A dedicated space has been pledged for an LGBT+ occupier at a Bankside development following a backlash over the eviction of gay club, XXL.
A granted planning scheme will see Bankside’s Sampson and Ludgate Houses, just off Southwark Street, transformed – but is expected to mean the loss of XXL, a gay club which has been operating since 2000.
40 job losses are expected when the club has its slated final night in its Ludgate House premises on September 21.
Following concerns of the loss of LBGT spaces, developer Native Land said it was “pleased to confirm that the cultural space within our consented scheme at Bankside will be prioritised for a LGBTQ+ occupier.”
It said it would work with the LGBT community and council to find a ‘suitable operator.’
The move was welcomed by Southwark Council, with cabinet member Cllr Johnson Situ saying town hall bosses had “committed to strengthening our policies where necessary to add greater protection for LGBT+ spaces in the future.”
Cllr Situ added the council had been working with XXL to find a new Southwark venue “potentially with a more inclusive and diverse offer for the wider community, in response to concerns expressed by members of the wider LGBTQ+ community about previous conduct and comments.”
But James McNeill, one the club’s co-founders, hit back saying he felt the council had been of little help to the club.
“We are going to close and that’s it. Southwark Council haven’t provided us with any help. We had two emergency meetings. They basically washed their hands of us,” he said.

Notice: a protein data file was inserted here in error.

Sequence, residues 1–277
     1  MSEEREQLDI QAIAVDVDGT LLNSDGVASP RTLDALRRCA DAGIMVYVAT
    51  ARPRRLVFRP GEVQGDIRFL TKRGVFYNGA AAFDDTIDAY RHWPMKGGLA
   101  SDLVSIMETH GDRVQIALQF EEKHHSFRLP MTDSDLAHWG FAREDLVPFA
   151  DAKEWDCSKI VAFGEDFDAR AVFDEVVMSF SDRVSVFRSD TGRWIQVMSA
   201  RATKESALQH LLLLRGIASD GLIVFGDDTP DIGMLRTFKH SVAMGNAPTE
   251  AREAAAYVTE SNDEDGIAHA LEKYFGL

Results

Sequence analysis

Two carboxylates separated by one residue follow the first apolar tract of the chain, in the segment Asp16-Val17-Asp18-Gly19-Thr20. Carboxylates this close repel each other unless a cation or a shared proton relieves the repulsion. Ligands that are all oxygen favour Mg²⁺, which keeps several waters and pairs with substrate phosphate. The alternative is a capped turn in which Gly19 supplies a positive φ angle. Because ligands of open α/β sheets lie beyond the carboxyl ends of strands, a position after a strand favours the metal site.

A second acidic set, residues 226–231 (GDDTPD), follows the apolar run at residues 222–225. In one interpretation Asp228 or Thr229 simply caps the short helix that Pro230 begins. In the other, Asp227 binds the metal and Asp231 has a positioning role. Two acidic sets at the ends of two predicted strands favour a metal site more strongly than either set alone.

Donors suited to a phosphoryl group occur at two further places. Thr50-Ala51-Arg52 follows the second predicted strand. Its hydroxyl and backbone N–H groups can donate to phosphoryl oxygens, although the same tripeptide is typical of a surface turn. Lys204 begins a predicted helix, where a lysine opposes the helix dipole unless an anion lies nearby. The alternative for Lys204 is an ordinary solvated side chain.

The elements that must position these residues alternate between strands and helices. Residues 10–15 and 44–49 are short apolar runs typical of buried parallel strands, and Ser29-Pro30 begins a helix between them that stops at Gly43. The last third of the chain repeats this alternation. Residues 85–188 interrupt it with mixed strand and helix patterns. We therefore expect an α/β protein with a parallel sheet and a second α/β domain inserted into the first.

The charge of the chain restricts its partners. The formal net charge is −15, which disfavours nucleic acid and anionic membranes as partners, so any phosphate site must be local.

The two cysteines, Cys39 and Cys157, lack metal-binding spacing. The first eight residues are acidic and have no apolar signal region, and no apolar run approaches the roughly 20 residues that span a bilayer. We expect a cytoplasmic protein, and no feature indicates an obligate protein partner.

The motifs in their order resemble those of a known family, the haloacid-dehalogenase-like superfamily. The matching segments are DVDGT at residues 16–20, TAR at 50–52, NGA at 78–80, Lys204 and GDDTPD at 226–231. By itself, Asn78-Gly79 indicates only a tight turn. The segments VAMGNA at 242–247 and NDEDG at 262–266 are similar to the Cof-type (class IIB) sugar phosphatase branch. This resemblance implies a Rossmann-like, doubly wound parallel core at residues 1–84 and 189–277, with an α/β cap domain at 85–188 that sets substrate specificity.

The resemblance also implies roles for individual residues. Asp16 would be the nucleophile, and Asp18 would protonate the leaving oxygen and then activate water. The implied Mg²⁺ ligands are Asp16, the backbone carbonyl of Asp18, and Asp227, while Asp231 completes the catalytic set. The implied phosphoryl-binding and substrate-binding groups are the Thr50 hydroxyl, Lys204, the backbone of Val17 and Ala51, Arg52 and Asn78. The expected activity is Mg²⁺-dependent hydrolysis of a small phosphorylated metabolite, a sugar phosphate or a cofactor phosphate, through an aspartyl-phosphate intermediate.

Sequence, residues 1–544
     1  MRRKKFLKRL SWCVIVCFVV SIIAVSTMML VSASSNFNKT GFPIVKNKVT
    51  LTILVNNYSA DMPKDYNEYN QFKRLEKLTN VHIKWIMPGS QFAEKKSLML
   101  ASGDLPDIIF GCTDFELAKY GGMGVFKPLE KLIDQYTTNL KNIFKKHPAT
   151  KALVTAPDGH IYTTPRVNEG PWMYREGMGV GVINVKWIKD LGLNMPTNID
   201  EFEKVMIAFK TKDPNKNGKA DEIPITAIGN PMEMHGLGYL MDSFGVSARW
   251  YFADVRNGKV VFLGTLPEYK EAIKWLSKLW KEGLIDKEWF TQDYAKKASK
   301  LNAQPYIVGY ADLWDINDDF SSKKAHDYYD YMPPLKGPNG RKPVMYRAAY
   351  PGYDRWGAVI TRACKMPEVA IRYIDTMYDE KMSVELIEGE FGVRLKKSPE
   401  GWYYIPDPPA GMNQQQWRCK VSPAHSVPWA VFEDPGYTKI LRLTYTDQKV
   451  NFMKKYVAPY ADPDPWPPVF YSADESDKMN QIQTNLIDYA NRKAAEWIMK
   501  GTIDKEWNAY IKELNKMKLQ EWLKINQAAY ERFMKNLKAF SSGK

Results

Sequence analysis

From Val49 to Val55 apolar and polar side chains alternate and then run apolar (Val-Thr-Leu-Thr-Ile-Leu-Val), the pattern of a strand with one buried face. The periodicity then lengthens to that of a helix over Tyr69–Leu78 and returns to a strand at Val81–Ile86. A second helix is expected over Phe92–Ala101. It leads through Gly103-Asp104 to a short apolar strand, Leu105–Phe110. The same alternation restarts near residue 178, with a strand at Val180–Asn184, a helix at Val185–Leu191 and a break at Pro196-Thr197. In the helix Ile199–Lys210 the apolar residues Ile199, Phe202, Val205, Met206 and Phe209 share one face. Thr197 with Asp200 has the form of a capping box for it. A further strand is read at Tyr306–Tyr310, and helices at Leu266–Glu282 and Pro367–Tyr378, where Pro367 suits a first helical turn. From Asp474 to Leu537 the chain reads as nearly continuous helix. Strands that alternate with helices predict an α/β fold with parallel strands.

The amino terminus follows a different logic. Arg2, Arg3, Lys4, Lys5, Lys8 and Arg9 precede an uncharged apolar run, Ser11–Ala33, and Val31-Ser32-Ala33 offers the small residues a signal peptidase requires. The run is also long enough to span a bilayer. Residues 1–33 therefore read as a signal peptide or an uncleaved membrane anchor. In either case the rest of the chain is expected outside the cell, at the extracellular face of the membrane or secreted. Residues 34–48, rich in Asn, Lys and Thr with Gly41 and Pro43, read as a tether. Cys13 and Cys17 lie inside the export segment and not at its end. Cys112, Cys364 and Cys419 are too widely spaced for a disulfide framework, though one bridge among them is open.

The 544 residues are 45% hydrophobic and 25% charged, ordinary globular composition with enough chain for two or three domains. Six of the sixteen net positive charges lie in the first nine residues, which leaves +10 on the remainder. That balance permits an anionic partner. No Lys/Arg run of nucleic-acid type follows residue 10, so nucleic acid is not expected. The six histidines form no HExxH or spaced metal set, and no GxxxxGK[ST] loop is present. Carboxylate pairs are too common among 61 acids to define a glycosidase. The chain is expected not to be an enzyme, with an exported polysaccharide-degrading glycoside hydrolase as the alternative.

He pointed to the recent move by Tower Hamlets council to designate Backstreet Bar, a gay ‘leather’ venue an important community asset, and argued Southwark should have made the same move.
Liberal Democrat councillors had also pressed for the council to undertake an equalities impact assessment.
“In Southwark we’ve lost 66% of our LGBTQ+ spaces since 2006. We need the Council and Mayor to protect and promote them,” ward councillor for Borough and Bankside, Victor Chamberlain has previously told the News.
Among controversial comments include a Facebook post in which club co-owner, Mark Ames, said he “couldn’t give a toss” about the rest of the community.
He has since apologised for the post.
A previous incident in which the club refused entry to a man wearing high-heels also sparked controversy in the LGBT community, leading to accusations of prejudice.
However, XXL’s owners have rejected the charge, telling councillors that the high-heels ‘ban’ was a means to prevent insurance claims from people injuring themselves in the venue.